Historically, the voices of the two cantons were combined as half-voices at the Federal Diet. It was only with the Federal Constitution of 1999 that the notion of a half-canton was abandoned, giving Obwald and Nidwald the status of full cantons. Yet, when it comes to cantonal votes, each still counts for only half a voice. Why? It’s said to be a historical matter. Ah, Switzerland! It is said today that the disputes are now behind us, and cooperation has been established. We can only rejoice at this.

A narrow road then alternates between countryside and underbrush. It seems we are venturing into the beeches of the Kernwald.

Section 3: Over hill and dale through the Oberwald countryside

Overview of the route’s challenges: a nearly constant climb, yet with reasonable slopes.

Further along, a narrow road winds gracefully through lush meadows and dense woods, swirling elegantly. The haystacks assume shapes akin to pears, sheltered by canopies of branches against the whims of rain. This cleverness, we have not observed elsewhere in our travels.

Above your heads, the Stanserhorn majestically presides, like a benevolent guardian over the surrounding lands.

Shortly thereafter, the road emerges from the woods, revealing from afar the imposing bell tower of Kerns, the main town of this region and the birthplace of the venerable Nicholas of Flüe.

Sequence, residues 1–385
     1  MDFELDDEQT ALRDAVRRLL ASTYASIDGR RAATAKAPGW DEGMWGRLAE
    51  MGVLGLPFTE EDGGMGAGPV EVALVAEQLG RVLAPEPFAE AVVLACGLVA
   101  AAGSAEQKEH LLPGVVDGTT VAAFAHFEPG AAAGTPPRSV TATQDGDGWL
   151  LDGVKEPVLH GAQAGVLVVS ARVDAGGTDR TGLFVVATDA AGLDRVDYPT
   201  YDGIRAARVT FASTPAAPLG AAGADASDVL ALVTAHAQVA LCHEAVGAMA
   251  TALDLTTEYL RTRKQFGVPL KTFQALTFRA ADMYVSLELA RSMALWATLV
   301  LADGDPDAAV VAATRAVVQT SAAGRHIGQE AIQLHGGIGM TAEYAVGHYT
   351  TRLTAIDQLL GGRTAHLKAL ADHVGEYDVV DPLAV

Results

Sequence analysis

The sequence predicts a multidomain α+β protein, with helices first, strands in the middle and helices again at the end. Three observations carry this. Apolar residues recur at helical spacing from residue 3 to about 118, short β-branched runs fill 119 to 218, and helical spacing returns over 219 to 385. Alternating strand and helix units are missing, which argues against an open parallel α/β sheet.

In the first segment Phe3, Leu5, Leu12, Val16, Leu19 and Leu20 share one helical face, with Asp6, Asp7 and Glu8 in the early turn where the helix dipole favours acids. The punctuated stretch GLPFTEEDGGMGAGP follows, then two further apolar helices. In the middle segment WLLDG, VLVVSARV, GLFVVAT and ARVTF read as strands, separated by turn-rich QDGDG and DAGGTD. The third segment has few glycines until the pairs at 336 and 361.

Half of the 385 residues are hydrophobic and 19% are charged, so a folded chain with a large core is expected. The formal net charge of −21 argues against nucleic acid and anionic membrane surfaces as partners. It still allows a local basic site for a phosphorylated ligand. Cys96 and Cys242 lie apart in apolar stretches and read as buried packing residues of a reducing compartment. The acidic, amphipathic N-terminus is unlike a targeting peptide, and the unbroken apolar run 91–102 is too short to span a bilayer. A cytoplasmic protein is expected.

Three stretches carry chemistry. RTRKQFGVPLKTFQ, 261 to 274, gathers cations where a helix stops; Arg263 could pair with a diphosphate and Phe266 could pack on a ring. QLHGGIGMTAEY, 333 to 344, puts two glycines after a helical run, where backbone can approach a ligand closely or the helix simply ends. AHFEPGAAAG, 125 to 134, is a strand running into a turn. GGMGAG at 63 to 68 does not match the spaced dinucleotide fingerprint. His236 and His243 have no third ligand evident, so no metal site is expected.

Further on, the road meanders by the modest Maichäppli chapel, located at the roadside.

The Via Jacobi then heads towards the expansive village of Wisserlen, nestled at the heart of agricultural domains.

Here, a vibrant tribute is paid to the Braunvieh cattle, which fully deserve this recognition.

Before reaching the village center, the Via Jacobi makes a turn, rising above the village where contemporary architecture and ancient wooden houses blend harmoniously.

The slope gradually increases, with asphalt soon giving way to dirt at the outskirts of the hamlet of Lätten. 

Higher up, the path narrows to cross the peaceful Chemattbach stream, meandering through centuries-old beech and chestnut trees.

And here again, that distinctive green expanse of Swiss meadows, a path wisely winding over gentle hills, dotted here and there with wooden farms.

Then, higher up, the asphalt road appears, where Nicholas of Flüe seems to offer a benevolent greeting from the roadside.

Just a bit higher, at Lauibach, a welcoming, well-stocked rest stop is available to pilgrims. It’s noteworthy that there’s hardly any crowd on the Swiss Way of St. James, a route frequented by travelers from Germany, Austria, Eastern Europe, and, of course, by German-speaking Swiss.

There, the small path crosses the Rüfibach, whose waters gently flow over pebbles. 

The Via Jacobi then joins the St Antoni Road, close to a charming picnic spot nestled between beeches and maples.